E-theft overtakes physical larceny

Michael Carroll
19 Oct 2010

Data theft has become the biggest crime hitting global business in the past year, overtaking physical larceny as rates soar by over 50%, a regular fraud survey reveals.

Some 27% of 801 companies surveyed in the annual Kroll study said they had experienced data theft in the past year, up 9% compared to the 2009 survey, while the number of physical thefts reported fell from 28% in 2009, FT.com reported.

Kroll found incidences of information and data theft were up 52% year-on-year, and that financial and professional services firms are most likely to be hit by such an attack.

Some 40% of services firms reported an attack in the past year, compared to 37% of technology and media firms the news site said.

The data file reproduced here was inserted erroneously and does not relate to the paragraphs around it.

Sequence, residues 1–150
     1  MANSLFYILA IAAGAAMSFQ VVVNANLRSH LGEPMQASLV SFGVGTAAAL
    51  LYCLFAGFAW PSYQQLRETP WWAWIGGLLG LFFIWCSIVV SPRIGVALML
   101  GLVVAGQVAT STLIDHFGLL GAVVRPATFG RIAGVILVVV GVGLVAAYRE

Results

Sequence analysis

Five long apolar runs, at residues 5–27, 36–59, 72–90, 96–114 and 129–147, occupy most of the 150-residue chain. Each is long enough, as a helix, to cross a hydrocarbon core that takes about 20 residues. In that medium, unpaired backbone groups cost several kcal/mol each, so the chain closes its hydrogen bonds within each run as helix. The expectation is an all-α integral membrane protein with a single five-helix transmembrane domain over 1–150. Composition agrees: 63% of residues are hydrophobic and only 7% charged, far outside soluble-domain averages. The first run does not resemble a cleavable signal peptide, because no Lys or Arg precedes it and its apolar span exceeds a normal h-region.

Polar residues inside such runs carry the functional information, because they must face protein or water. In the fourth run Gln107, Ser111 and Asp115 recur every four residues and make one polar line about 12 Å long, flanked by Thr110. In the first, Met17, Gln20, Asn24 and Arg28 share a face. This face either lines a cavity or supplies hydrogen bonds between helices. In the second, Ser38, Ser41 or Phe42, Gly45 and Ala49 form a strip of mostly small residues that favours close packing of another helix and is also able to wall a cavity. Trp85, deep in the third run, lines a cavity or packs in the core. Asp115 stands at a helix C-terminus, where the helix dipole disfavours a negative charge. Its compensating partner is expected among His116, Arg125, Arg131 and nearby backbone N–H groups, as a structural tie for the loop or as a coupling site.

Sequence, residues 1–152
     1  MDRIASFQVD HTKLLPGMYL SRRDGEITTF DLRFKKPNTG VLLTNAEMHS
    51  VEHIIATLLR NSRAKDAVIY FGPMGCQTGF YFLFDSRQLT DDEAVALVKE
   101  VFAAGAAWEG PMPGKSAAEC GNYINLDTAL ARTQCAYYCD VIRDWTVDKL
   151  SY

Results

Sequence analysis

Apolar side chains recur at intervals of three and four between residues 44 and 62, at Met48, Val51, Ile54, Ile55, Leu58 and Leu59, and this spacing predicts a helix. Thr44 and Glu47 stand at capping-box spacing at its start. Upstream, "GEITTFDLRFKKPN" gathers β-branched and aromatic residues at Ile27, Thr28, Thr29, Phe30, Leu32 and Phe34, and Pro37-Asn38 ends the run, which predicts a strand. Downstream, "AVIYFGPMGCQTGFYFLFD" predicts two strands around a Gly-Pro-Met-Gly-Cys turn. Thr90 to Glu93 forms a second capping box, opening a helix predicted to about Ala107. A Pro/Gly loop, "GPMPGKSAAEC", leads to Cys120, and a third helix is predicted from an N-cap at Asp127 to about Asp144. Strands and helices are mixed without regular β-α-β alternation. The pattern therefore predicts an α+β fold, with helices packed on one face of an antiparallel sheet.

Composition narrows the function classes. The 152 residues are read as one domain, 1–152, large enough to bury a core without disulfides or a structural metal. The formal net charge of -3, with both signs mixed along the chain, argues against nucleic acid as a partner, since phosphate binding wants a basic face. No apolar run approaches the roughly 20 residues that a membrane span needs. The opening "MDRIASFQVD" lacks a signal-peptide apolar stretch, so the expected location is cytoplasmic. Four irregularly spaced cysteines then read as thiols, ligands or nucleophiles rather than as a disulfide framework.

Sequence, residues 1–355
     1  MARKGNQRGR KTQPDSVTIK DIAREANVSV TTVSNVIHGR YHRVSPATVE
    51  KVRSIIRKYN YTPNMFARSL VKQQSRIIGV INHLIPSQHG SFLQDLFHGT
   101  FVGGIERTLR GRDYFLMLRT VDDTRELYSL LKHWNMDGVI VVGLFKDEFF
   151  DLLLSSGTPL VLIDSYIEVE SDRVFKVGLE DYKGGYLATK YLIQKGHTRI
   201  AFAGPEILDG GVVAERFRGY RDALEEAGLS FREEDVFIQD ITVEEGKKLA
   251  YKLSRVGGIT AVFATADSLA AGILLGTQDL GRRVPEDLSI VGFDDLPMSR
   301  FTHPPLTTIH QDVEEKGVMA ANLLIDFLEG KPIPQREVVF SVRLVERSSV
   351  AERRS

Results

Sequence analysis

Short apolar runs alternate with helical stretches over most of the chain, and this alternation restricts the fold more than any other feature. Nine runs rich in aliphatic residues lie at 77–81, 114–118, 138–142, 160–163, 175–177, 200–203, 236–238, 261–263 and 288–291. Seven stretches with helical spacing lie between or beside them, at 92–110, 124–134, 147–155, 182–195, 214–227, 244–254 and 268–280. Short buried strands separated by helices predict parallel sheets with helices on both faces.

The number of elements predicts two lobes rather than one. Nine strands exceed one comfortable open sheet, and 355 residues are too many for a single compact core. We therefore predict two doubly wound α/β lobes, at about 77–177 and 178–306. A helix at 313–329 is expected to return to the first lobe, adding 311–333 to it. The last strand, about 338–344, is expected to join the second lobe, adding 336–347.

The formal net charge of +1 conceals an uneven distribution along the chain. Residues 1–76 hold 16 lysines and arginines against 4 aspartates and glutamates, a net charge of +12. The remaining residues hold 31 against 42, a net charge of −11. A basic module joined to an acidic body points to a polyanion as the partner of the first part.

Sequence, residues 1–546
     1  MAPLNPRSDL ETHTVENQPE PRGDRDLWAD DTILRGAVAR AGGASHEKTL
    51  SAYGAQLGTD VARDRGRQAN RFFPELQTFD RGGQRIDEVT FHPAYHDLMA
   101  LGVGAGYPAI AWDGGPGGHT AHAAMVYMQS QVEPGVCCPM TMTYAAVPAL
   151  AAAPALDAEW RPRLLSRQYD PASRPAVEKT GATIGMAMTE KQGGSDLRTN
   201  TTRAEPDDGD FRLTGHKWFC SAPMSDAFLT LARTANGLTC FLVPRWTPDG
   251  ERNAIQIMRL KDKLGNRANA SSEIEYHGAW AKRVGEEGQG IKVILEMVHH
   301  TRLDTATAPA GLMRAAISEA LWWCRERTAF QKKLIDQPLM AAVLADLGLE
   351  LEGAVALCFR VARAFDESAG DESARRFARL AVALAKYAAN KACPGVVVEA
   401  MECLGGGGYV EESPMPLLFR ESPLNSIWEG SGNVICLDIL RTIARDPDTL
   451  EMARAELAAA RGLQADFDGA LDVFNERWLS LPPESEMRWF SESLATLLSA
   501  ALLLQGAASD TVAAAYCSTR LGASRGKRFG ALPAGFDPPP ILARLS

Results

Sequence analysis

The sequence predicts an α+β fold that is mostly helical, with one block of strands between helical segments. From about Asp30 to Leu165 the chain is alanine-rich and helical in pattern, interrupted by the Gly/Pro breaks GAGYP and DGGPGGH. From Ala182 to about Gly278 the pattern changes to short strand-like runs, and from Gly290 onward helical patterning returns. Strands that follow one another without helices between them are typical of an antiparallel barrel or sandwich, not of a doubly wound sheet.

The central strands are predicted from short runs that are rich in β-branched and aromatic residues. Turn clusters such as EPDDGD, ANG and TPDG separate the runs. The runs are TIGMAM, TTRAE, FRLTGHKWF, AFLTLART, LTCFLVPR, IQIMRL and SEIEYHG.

Losses to fraud were highest in Asia-Pacific, with 92% of firms reporting fraudulent activity in the region compared to 88% in North America and 83% in the UK.

Kroll analyst Richard Plansky said IT was a double-edged sword, improving business efficiency but leaving enterprises open to attack. “Information systems are complicated and vulnerable to fraudsters,” he told the Times.

The survey also found that 10% of firms had been affected by piracy and counterfeiting in the past 12 months.

MORE ARTICLES ON: Asia Pacific, Cyber attack, Data theft, Fraud, Kroll, North America, Piracy, Security

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